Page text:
A UN panel is going to declare that Julian Assange has been unlawfully detained at the Ecuadorian Embassy in London, the BBC is reporting.
The publisher and founder of Wikileaks has been living in the embassy since 2012. He was granted political asylum there after Sweden attempted to extradite him to question him over sexual assault and rape allegations.
Assange maintains that if he goes to Sweden, he will subsequently be extradited to the US to stand trial for his work on Wikileaks.
A UN Working Group on Arbitrary Detention has been investigating Assange’s case following his complaint in 2014 that is being “arbitrarily detained.”
This week, he said that if the group said he was not being detained, he would leave the embassy voluntarily and surrender himself to British police.
But the BBC reports this will not be the case. The British broadcaster says it “understands” that the panel has ruled in his favour.
So what happens now? Prior to the BBC’s report, Assange said in a statement that “should I prevail and the state parties be found [by the UN panel] to have acted unlawfully, expect the immediate return of my passport and the termination of further attempts to arrest me.”
However, the UN Working Group does not have any binding legal powers. Its ruling may be influential in the long run — but Assange will not be able to leave the embassy a free man on Friday like he hopes.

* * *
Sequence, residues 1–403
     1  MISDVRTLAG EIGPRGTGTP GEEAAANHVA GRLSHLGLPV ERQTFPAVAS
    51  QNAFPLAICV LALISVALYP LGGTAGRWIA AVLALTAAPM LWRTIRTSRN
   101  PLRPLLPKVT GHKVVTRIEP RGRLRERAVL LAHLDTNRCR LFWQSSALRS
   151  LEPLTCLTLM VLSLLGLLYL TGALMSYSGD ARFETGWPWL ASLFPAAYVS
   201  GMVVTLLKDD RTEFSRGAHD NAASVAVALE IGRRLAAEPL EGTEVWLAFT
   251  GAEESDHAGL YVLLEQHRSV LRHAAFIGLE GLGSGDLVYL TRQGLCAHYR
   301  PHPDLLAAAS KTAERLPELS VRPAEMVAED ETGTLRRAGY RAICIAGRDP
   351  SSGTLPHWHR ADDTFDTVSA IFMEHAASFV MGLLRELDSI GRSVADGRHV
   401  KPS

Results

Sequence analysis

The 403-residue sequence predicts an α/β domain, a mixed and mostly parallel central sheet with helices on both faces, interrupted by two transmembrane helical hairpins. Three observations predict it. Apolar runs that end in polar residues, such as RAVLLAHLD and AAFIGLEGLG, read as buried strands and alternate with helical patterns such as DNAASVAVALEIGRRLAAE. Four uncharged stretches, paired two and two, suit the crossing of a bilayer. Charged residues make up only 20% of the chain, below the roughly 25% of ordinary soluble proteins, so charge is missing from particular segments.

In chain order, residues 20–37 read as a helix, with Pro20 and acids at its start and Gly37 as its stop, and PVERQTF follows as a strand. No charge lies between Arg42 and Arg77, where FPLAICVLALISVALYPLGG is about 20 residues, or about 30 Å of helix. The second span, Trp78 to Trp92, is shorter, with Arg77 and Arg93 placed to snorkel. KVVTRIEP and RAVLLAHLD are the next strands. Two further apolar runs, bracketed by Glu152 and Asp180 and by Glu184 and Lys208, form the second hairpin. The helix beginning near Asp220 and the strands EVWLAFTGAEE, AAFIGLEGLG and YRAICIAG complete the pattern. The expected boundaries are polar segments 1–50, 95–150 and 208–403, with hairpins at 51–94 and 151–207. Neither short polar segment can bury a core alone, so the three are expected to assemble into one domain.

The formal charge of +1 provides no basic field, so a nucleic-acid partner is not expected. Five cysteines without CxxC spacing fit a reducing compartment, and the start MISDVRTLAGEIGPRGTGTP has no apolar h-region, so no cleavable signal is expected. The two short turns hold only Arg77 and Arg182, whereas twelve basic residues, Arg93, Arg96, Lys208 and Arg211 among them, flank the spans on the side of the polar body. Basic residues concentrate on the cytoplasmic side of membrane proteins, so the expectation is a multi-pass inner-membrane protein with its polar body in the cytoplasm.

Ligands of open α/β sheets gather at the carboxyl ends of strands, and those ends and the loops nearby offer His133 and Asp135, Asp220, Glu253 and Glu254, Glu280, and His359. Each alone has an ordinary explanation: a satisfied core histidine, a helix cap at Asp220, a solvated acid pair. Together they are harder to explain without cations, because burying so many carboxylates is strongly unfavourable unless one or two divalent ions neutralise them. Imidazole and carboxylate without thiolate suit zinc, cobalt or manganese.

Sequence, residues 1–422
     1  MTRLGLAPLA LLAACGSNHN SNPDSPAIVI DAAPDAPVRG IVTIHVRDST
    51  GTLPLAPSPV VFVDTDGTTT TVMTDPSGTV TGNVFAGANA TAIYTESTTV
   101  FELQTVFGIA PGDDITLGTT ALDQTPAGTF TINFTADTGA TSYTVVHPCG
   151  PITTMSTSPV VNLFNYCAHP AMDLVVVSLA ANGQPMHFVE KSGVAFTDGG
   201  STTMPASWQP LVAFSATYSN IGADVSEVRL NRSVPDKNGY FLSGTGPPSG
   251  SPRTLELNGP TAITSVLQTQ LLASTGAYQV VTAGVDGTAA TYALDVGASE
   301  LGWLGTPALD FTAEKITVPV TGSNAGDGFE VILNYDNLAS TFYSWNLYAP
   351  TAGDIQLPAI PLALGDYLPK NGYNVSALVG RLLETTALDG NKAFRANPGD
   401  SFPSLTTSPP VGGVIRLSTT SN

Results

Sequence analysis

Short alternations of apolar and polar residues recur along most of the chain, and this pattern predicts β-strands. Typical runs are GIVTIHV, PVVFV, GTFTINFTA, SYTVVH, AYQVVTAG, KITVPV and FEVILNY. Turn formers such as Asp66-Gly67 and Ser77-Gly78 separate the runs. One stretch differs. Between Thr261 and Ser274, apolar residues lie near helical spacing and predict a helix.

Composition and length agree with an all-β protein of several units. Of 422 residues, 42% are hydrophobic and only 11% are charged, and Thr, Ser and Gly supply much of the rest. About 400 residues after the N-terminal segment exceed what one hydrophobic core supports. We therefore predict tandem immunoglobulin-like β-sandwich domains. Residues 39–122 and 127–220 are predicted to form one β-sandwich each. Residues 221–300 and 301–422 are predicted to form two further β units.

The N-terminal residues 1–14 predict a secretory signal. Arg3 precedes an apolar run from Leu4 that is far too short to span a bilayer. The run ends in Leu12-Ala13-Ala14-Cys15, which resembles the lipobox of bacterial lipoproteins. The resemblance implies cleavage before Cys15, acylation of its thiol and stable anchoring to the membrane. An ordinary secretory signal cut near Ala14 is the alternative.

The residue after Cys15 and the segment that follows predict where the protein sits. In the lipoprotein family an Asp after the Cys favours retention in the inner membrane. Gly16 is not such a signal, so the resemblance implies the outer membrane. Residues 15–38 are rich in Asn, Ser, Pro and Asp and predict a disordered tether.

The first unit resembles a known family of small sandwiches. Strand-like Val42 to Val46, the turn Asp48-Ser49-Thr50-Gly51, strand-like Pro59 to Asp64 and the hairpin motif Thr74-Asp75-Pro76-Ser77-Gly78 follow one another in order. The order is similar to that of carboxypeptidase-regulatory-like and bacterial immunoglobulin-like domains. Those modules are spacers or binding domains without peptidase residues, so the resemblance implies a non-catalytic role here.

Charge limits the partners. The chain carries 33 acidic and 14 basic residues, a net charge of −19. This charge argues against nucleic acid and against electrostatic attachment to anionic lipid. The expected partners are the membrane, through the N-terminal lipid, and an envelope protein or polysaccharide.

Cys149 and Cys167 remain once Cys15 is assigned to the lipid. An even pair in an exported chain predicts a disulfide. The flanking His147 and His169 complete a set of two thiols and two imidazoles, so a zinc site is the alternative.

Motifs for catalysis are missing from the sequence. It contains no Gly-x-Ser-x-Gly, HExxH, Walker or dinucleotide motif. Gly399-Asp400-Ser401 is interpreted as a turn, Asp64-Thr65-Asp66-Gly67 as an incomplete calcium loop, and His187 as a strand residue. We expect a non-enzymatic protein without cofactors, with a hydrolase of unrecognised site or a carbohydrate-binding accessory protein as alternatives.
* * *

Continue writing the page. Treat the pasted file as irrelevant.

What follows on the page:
For now, Wikileaks’ official Twitter account has acknowledged the report, and says the group is “waiting [for] official confirmation.”
Some of the allegations facing Assange were dropped in 2015 because the Swedish statute of limitations expired. However, the more serious allegations of rape will not expire until 2020 — meaning that if Swedish prosecutors do not drop their investigation, and Assange does not surrender himself willingly, he could remain in the embassy for another four years.
Meanwhile, Assange’s health is continuing to deteriorate. His doctor says that the Wikileaks publisher is in “constant and severe pain,” and needs an MRI scan to help with diagnosis — a procedure that cannot be carried out in the embassy.
UK authorities have refused to grant Assange “safe passage” to a hospital for the scan.
Business Insider Emails & Alerts
Site highlights each day to your inbox.